17 June 2019 / 9:00
In most of the literature on project, programme and portfolio management it is stated that strategies should be “broken down” into projects and programs through portfolio management, ensuring that the strategic objectives set by the top management are achieved. However, this presupposes that managers at the top of the organisation know exactly what will happen in the future, what expectations customers have regarding offered products and services and how these expectations can ideally be met. Project teams just work according to pre-set conditions and are not likely to learn, to adapt and to respond to new challenges.
Nowadays, there is a tendency to accept that strategy implementation is much more than a “top down” approach. The process of developing, formulating and implementing is rather intertwined and performed “bottom up”, triggered by the experiences made in projects by the people directly engaged with customers throughout implementation. For example, clients of a service provider in the field of project management trainings require increasingly online trainings in order to reduce cost and absenteeism of their personnel. The staff of that training provider recognises the changing demand and stipulates the development of a new blended and digital training offering, which is then formulated as new strategic area for the training provider by its management.
The question however is, whether this “bottom up” process of strategy development, formulation and implementation happens accidentally, or whether it can be managed in a systematic way? There should be at least someone in the organisation who collects lessons learned from the projects, analyses them and then incorporates the findings into the strategy development process. The portfolio management could take responsibility for it. However, it´s a rather bureaucratic process and the question remains, whether the staff, engaged in projects is willing to share all information and whether all relevant information is exposed to the managers at the top of the organisation. A rather radical approach is to let the staff – realizing the projects together with clients and partners – formulate the strategy and directly implement it in the work process. Some may argue this is not really a strategic but rather an incremental adjustment. However, it´s the same change that is going on in managing projects, from a traditional to a rather agile approach, giving space to the people working closely together with the clients, partners and other experts in the organisation. They know the best what is good for the company. The role of top management changes towards setting the frame for the organisation, facilitating commonly shared values and scanning the horizon for new developments.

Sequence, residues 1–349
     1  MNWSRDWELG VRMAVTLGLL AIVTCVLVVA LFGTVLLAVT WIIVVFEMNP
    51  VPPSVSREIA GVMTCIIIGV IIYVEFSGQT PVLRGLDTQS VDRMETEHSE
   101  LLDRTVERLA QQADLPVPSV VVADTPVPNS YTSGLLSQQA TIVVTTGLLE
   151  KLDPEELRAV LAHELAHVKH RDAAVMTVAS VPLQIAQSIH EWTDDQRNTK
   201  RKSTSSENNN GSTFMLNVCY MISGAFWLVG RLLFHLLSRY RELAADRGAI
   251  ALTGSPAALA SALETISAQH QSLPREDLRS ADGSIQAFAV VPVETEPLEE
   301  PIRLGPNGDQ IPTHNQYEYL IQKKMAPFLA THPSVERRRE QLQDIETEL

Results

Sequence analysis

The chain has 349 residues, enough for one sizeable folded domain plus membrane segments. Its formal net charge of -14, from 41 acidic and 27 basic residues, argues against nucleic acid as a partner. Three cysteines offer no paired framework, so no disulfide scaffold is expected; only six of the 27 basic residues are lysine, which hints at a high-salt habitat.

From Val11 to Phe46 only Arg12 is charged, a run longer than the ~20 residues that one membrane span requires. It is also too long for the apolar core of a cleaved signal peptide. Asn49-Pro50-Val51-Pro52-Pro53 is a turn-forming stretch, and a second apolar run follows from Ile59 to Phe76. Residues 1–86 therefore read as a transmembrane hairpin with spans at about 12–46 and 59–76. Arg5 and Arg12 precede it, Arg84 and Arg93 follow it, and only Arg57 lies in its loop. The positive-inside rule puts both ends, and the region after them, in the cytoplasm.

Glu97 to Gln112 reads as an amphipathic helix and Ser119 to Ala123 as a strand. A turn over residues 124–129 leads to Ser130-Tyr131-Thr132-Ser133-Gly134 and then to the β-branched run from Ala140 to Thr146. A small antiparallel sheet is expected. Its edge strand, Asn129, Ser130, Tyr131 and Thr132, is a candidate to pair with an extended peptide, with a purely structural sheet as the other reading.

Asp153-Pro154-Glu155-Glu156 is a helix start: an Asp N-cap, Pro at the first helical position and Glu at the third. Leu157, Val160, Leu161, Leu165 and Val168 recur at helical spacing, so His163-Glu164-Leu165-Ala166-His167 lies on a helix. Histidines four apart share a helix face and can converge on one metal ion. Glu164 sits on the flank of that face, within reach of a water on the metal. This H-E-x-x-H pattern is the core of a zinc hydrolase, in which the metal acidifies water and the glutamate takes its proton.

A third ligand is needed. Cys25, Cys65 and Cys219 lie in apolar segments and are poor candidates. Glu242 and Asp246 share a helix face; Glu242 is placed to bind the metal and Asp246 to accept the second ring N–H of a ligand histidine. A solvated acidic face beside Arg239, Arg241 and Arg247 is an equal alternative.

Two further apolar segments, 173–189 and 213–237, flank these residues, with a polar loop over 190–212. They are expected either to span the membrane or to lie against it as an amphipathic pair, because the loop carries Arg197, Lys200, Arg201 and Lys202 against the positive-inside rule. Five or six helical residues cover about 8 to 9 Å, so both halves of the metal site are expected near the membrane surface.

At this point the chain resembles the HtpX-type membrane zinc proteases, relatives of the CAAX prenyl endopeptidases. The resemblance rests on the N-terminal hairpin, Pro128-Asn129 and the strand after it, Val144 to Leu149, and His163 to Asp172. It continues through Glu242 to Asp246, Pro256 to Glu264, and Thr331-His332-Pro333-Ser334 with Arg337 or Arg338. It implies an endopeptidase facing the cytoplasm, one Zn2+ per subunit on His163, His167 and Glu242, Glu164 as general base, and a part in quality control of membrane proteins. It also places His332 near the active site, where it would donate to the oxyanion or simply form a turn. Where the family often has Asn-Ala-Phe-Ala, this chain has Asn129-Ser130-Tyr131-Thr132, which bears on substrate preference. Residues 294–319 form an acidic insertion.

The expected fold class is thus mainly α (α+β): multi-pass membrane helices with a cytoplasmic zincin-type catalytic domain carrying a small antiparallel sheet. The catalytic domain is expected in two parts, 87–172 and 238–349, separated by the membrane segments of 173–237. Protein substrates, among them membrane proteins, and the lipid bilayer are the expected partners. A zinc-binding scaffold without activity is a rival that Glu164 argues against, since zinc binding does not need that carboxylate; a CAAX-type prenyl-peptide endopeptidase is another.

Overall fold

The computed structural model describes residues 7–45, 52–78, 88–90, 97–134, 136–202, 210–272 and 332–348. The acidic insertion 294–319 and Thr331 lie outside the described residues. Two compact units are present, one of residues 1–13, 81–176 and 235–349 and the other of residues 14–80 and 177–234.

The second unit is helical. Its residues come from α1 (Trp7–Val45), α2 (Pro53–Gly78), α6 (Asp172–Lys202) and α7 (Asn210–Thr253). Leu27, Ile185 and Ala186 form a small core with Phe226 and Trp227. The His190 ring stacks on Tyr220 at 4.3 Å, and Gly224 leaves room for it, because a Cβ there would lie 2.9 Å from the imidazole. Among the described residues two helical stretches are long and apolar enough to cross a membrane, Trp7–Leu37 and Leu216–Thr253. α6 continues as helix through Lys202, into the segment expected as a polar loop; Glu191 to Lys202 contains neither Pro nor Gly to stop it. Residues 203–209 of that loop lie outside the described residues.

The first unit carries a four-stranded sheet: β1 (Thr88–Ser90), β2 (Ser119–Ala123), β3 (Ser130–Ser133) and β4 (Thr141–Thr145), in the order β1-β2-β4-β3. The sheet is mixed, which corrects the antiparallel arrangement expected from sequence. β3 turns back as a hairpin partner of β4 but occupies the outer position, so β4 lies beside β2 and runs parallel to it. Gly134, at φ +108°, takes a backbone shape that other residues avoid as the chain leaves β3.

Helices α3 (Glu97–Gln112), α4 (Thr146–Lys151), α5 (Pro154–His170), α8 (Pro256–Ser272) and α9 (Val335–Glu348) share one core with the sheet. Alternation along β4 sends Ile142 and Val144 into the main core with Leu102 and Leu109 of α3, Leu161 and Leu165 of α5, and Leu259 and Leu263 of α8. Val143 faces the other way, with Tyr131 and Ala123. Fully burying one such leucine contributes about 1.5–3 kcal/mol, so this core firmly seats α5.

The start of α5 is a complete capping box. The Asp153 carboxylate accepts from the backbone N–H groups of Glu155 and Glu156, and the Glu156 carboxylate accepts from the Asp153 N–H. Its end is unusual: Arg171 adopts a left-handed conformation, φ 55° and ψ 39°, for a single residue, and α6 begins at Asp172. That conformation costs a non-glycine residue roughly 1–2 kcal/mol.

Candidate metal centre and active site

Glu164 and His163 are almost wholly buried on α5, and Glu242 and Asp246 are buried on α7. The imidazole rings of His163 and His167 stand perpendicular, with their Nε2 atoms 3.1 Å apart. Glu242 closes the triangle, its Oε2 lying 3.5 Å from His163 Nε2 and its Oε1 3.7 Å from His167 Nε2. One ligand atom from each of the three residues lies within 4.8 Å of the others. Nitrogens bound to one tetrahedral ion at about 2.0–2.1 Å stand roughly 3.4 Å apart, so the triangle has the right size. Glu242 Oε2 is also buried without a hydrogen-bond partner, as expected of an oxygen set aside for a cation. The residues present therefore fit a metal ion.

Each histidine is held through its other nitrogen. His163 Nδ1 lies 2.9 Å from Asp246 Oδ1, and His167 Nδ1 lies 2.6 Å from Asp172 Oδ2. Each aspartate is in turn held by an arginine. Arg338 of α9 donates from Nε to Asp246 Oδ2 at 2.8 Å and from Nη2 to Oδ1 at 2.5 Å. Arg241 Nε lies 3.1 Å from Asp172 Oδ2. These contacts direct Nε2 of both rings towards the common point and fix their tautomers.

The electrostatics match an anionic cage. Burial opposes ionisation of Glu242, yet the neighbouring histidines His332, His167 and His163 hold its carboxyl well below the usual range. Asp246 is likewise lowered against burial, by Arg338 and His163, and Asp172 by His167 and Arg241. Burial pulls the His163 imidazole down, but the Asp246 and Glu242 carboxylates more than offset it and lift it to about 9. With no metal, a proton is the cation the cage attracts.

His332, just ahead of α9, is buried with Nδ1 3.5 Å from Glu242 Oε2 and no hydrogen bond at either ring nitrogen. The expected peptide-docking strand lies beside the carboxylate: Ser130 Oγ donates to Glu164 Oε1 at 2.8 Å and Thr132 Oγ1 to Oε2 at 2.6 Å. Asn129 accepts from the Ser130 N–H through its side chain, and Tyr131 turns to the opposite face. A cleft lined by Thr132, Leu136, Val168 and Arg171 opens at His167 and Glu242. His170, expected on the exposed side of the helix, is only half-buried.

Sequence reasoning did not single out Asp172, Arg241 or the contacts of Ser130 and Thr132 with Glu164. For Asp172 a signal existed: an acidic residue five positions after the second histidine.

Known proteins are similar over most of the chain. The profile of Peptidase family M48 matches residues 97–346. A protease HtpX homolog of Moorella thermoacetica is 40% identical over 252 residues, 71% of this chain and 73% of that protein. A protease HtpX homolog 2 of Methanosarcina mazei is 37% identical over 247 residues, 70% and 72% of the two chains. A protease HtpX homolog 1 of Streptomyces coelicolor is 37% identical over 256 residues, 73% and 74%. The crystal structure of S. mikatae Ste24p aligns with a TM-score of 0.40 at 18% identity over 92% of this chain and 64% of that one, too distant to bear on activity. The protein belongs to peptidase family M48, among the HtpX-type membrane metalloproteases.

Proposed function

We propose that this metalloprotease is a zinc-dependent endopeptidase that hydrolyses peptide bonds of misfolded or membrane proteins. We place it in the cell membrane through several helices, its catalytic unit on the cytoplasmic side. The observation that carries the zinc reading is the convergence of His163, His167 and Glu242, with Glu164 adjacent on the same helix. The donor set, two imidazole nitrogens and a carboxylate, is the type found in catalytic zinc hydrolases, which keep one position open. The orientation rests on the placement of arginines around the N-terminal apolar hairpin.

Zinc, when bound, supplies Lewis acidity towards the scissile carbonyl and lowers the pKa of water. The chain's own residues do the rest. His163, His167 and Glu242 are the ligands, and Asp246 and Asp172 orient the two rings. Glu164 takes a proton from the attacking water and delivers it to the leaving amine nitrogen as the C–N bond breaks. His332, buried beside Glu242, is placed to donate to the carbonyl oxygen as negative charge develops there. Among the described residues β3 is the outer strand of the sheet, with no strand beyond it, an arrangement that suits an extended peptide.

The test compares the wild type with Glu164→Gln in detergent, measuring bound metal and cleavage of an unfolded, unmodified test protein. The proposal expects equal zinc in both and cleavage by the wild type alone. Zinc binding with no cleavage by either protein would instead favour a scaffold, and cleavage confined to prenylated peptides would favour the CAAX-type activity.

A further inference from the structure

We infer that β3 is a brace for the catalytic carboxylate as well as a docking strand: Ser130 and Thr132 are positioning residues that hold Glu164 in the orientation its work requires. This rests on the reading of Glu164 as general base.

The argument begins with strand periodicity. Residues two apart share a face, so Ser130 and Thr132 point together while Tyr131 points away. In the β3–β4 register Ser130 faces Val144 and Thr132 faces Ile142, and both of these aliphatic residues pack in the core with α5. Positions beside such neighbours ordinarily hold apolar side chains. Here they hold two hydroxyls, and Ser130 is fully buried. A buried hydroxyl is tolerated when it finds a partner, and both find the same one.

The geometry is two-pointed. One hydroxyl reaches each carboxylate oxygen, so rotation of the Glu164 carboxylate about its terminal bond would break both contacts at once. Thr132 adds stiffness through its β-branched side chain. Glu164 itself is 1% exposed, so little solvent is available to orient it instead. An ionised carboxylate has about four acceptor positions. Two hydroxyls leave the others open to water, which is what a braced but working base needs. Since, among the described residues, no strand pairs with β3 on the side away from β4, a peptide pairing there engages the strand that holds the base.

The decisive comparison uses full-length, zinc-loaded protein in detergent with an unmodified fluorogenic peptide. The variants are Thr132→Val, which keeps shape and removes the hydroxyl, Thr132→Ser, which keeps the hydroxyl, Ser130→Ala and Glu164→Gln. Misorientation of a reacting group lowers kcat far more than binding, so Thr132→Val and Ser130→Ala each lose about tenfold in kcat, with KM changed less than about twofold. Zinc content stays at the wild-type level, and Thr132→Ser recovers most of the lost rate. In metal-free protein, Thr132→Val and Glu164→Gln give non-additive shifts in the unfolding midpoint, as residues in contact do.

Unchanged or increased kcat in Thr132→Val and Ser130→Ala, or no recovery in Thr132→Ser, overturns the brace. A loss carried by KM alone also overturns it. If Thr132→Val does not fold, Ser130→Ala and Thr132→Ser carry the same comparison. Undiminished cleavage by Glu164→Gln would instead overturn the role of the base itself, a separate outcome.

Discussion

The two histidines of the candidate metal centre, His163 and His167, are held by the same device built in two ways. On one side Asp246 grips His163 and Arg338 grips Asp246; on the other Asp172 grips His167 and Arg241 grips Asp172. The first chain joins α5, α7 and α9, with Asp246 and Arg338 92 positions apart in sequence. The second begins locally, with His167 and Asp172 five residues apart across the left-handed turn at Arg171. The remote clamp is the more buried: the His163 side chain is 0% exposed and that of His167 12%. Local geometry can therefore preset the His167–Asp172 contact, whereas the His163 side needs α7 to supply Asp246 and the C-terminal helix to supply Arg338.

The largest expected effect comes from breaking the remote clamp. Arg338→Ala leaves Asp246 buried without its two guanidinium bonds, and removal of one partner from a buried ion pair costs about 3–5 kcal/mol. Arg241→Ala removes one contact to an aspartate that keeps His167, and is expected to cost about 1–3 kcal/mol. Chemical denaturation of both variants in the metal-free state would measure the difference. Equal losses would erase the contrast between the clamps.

Nevertheless, emergent strategies require a management to reach the intended results. Rémi Maniak and Christophe Midler describe with examples of Automotive Industry how this management could look like. They labled the process “multi-project lineage management” and define it as a specific type of interproject coordination that integrates a willingness to break the established rules, a continuous flexibility of given concepts, and an emerging strategic intent as recommended by exploration projects and strategizing. In essence, the emergence of ideas in interlinked projects is systematically analysed, facilitated and formulated into a new, strategic approach for the organisation to be followed in future projects. Instead of the traditional “ex ante” formulation of project objectives and the strategic intent, projects explore what´s possible and required by clients and trigger “ex post” cross-project learning and strategizing. In my opinion, this can be performed in all kind of portfolios, whether they deal with projects for products and services or projects for organisational change and transformation.
Top managers´ roles are to set a frame, balance the long-term perspective of the organisation with the short-term, operational perspectives of project teams, and facilitate the process of strategy formulation, development and implementation with all the staff. They could be supported by special portfolio (or programme) managers, coordinating efforts and sharing information with the people engaged.